Resident Evil Village Impressions: This game is shaping up to be something great
Resident Evil Village impressions: This game is shaping up to be something great
I’m rating this village 0/5 stars on Tripadvisor for unfriendly townsfolk. Also, dead townsfolk. Also, vampires.
Capcom opened up Resident Evil Village’s doors to PlayStation console owners last weekend, with a new limited-time demo that let them explore the titular village for 30 minutes or less. Being the hugely impatient Resident Evil fan that I am, I blazed through the whole thing out of fear that the 30-minute time limit might cut me off. Fortunately, I completed it with three minutes to spare - though I now wish I’d spent those few minutes examining this village for more clues.
This demo was very different from Capcom’s last PlayStation 5 demo Maiden, which functioned more like a spooky virtual haunted house to give players a taste of this game’s atmosphere and visuals. Most of the stuff I played through took place outdoors in a deserted snowy village, meaning that I never ran into any tall vampire ladies nor did I step foot in any castles. I played through a rather cutscene-heavy segment, which introduced a new cast of characters before things went south… violently.
How dare you give me a shotgun with just one shell
The demo begins with an old witchy woman speaking in ominous riddles, as most game demos do. I didn’t get much context on Ethan’s presence in this village, besides the fact that he’s looking for his missing daughter Rose. I entered the village soon after, and boy was it giving off Resident Evil 4 vibes. Just like Resident Evil 7 seemed to look to the first Spencer Mansion-set game for inspiration, this game has Resident Evil 4 painted all over it. A creepy village out in the middle of nowhere, with religious populace and a distant ringing bell? Check. A tall Gothic castle? Check. Villagers who have been turned into monsters wielding weapons? Check. I say this with nothing but love: Village is just Resident Evil 4 with vampires.
I do love the look of this village, though. There’s a slight fog hanging in the air as you trudge through mud and snow, looking for signs of life where that might be none. This eerie atmosphere is all very Silent Hill, but Ethan’s horrors manifest in much more physical ways. After a bit of poking and prodding around, I stumbled onto a field of shoulder-high tall grass wafting about in a slight breeze, with a tantalising item crate positioned inside. Clearly, the game wanted me to go in - but I’ve seen enough Supernatural cold opens to know what a bad idea that would be.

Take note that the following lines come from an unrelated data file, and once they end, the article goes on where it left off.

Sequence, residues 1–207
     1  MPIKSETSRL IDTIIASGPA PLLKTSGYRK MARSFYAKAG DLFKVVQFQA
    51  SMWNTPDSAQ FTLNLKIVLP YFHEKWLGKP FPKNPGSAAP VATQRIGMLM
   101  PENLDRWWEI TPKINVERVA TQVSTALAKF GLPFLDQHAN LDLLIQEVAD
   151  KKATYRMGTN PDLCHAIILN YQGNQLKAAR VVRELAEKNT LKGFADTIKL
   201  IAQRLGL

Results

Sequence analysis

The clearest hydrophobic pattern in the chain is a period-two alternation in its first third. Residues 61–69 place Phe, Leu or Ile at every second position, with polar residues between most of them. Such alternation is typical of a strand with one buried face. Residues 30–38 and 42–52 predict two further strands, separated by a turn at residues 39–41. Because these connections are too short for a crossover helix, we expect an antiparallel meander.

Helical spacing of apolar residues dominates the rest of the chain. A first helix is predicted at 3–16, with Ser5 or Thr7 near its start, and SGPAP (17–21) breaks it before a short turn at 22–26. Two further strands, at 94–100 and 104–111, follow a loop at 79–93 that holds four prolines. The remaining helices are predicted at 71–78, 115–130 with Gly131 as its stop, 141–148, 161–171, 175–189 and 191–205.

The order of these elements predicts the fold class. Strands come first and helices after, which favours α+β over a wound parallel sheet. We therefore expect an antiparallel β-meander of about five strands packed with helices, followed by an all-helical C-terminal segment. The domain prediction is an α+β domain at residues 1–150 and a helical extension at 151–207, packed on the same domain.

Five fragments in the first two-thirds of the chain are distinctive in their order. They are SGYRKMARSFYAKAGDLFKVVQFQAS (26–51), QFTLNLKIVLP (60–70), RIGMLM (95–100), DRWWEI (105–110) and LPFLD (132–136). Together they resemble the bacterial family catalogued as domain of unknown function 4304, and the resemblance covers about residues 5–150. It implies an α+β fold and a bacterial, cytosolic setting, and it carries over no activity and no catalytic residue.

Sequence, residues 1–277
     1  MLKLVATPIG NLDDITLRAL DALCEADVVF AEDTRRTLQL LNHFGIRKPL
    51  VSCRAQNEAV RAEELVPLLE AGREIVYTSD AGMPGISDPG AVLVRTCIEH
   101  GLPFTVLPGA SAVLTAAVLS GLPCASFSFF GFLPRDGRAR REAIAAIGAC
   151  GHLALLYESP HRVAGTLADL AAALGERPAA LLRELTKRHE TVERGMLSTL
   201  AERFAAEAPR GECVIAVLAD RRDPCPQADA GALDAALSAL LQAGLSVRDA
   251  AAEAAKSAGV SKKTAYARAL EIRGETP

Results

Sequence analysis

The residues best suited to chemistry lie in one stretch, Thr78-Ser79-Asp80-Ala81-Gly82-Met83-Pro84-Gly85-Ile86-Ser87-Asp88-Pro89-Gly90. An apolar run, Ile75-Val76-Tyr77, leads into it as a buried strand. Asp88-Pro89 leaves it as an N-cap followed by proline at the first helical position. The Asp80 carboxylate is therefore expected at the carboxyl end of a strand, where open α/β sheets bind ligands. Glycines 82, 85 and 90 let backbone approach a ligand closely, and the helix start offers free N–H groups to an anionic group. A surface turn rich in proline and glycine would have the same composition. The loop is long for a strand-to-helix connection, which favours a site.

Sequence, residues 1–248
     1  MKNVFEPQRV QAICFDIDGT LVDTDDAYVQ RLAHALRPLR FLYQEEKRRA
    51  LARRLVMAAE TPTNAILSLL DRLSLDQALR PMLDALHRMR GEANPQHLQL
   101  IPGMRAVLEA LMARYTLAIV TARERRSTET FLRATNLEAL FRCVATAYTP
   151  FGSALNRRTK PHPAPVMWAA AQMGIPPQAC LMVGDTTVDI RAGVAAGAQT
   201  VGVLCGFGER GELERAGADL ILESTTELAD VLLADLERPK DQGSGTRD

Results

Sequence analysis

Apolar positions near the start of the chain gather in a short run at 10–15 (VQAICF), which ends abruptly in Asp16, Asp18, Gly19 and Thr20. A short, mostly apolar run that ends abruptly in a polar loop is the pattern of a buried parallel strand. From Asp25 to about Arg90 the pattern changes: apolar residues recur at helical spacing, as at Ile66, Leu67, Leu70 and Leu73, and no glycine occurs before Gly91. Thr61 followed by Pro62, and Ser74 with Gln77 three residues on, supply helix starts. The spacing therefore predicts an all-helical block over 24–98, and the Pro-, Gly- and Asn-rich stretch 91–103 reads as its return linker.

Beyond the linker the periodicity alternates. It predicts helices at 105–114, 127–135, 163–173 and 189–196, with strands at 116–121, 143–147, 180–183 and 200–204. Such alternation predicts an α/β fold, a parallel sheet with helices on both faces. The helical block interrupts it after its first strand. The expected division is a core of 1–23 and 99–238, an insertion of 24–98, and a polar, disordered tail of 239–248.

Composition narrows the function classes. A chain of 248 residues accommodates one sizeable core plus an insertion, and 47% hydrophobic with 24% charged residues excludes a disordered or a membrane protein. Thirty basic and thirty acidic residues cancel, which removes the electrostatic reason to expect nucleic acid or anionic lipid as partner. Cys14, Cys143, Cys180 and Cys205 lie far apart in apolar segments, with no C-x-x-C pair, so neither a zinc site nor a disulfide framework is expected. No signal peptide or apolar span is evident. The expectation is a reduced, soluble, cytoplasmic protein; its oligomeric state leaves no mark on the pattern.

Instead, I backtracked and ended up finding my way into an abandoned home, where I discovered a couple of interesting things. The first is that the game has a barricading system for these houses, allowing Ethan to block entrances and windows by pushing around shelves. This suggests that we’re in for some tense home invasion scenarios later in the game. When I rooted around cupboards and shelves for goodies, I also found some gunpowder to craft bullets with - which is standard Resident Evil fare. Unlike the recent remakes however, there’s a dedicated menu for the crafting system now. You can view recipes and see exactly what you’re making. It’s a nice little upgrade from glancing at my notes every half-hour to see what ‘white gunpowder’ becomes when it’s combined with ‘yellow gunpowder’.
After that, I found something that made me very happy: a shotgun! Alas, it only had one bullet - but it was still a better comfort than the flimsy pistol Ethan carried around. I also found a little landmine that could be placed down on the ground. Further proof that these houses would soon teem with undead life. After I was satisfied with all this poking around, I went into the dreaded tall grass and, as expected, began to hear loud howling noises. Three Lycans (werewolf-like creatures) popped out of the grass to greet me with sharp claws and bared fangs and I’ve got to say, these are some pretty intimidating enemies. Just like the remakes' zombies, they’re real bullet sponges - but they’re a lot less lethargic in combat. They swooped under my bullets while brandishing shovels and when I didn’t manage to press the ‘Guard’ button in time, launched themselves forward to give me an unwanted and very painful hickey.